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Northrop Grumman-built Common Infrared Countermeasure Systems approved by US Army for early fielding


The CIRCM system has undergone thousands of hours of rigorous testing in laboratory, flight and live-fire test environments

Northrop Grumman Corporation’s Common Infrared Countermeasures (CIRCM) system has achieved Initial Operational Capability (IOC). With IOC, the US Army demonstrated the ability to field, employ and maintain CIRCM in significant quantities on its rotary wing platforms. This milestone advances the accelerated fielding of CIRCM systems on more than 1,500 Army aircraft. CIRCM has met the IOC requirements for UH-60M, HH-60M, CH-47F and AH-64Es.


“CIRCM’s ability to track and rapidly defeat infrared-guided threats has been validated over thousands of hours of rigorous testing in laboratory, flight and live-fire test environments,” said Bob Gough, vice president, navigation, targeting and survivability, Northrop Grumman. “Achieving IOC was made possible by the entire team’s dedication and our strong partnership with the Army. Together we’ll provide U.S. Army aircrews with CIRCM’s unmatched threat protection.”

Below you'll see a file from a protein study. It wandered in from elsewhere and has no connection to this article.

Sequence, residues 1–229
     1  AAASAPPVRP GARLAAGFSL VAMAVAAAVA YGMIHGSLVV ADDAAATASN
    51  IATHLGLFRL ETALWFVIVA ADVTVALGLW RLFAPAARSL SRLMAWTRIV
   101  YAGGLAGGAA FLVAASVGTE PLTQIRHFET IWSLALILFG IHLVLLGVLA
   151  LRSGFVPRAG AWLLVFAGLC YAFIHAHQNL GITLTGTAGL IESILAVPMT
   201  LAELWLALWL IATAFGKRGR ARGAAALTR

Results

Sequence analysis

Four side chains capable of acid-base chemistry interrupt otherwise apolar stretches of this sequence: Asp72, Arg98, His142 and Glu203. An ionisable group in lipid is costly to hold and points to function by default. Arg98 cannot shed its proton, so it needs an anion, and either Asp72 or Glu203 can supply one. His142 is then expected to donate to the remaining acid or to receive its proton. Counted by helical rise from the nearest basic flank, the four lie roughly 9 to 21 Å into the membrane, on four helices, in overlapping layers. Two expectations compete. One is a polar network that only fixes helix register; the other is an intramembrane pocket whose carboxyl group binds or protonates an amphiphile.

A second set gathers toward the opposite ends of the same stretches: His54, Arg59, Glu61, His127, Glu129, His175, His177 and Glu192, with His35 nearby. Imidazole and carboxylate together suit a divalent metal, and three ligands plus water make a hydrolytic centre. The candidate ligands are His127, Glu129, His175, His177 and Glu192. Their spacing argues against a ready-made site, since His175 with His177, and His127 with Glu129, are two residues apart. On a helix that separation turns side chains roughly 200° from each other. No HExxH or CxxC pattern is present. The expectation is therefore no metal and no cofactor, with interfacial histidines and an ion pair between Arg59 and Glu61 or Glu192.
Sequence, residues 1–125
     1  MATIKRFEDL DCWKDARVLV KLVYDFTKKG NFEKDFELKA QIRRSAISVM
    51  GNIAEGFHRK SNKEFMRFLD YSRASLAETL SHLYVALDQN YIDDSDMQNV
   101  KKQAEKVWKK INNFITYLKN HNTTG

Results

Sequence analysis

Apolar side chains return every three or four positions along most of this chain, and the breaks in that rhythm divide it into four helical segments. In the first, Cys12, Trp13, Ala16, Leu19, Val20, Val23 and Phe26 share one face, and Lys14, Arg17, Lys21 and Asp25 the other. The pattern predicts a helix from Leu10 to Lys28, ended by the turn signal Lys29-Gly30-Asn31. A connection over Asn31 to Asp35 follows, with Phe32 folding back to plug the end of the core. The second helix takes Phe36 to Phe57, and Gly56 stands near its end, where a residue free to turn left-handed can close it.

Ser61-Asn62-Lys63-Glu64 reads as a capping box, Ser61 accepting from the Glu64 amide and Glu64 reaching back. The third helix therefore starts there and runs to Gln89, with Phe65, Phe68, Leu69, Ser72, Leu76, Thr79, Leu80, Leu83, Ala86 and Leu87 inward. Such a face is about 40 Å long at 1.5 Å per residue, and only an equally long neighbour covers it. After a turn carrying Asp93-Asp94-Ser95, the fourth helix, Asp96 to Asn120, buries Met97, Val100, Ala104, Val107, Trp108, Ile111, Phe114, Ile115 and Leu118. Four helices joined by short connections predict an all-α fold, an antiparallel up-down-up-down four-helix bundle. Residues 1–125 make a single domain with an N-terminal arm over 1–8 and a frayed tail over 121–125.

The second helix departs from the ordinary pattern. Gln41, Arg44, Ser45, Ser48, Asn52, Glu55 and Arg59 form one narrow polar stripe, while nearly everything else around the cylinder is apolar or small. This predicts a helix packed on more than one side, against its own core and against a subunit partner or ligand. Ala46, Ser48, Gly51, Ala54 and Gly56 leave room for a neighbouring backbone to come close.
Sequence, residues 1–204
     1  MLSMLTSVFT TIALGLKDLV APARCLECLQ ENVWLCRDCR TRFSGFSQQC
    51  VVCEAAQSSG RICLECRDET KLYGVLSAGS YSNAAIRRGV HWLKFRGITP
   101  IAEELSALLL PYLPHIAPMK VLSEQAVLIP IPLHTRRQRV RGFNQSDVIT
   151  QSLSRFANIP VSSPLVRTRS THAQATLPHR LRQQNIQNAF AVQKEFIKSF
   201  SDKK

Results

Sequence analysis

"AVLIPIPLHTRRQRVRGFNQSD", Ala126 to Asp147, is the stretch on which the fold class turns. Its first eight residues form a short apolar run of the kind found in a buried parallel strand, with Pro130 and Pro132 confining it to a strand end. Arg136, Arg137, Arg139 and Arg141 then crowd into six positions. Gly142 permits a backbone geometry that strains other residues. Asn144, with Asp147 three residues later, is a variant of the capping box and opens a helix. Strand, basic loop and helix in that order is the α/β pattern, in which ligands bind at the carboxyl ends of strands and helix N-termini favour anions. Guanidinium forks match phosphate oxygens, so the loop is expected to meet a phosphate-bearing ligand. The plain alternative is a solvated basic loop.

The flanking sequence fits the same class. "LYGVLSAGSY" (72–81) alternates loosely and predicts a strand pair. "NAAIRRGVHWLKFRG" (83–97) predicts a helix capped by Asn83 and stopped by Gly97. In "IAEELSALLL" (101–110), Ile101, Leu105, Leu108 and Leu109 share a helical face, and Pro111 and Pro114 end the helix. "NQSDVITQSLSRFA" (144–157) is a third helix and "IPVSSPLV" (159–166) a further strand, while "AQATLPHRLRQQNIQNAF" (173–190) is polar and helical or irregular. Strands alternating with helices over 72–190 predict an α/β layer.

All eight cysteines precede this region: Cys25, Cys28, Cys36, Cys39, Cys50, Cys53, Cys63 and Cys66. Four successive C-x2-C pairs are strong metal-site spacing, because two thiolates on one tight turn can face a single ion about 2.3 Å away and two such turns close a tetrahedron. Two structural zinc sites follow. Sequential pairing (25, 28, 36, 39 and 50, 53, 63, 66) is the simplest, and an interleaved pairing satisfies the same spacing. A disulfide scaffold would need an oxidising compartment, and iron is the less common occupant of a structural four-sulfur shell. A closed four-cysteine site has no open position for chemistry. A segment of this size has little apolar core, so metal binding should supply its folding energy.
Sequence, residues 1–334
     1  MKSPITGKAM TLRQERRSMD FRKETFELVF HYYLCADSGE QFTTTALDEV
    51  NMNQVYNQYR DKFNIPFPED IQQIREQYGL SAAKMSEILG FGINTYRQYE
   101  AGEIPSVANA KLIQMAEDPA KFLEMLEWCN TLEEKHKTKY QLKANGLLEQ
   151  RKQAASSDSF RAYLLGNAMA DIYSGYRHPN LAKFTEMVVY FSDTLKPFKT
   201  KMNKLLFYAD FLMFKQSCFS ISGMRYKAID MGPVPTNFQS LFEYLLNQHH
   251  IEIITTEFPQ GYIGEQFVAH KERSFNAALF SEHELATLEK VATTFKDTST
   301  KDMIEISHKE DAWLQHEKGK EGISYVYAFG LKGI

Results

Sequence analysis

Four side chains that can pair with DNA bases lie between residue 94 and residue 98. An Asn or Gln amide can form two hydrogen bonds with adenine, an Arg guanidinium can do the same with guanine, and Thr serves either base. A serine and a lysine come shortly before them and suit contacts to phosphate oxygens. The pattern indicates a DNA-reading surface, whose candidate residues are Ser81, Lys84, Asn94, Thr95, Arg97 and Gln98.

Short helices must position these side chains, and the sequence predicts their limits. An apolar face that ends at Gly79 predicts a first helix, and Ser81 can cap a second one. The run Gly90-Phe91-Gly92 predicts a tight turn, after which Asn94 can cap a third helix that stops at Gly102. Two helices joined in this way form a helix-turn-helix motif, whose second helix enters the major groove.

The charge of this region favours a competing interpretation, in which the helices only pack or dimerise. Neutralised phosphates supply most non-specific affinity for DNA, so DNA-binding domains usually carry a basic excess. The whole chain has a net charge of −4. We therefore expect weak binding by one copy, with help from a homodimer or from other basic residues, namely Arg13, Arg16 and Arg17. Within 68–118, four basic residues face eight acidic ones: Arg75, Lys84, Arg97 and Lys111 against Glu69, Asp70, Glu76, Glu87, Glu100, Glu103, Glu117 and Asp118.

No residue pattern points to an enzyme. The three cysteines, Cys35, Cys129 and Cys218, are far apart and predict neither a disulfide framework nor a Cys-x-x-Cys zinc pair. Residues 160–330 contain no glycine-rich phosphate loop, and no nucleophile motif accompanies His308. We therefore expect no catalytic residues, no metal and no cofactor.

CIRCM protects against shoulder-fired and vehicle-launched anti-aircraft missiles that home in on the heat signature of an aircraft. The system helps ensure aircrew survivability, enabling the warfighter to focus on their mission.

Due to CIRCM’s reduced weight and increased power, system installs on the existing fleet will inform future attack reconnaissance aircraft (FARA) and future long-range assault aircraft (FLRAA) requirements, making this critical life-saving technology a key enabler for Multi-Domain Operations and advancements in Army modernization.


As the next generation of laser-based infrared countermeasure systems, CIRCM’s modular, open systems approach works with existing hardware, simplifies upgrades, and keeps lifecycle costs low to provide flexibility and a solid platform to build upon in the future. Northrop Grumman continues to develop and improve CIRCM to overmatch current and future threats. One upgrade currently in test is an enhanced laser Line Replaceable Unit which will increase capability against near-peer threats.


Northrop Grumman has delivered over 250 CIRCM systems to the Army and over 100 aircraft have been equipped. CIRCM has accumulated more than 11,000 flight hours since its first field installation in December 2021.

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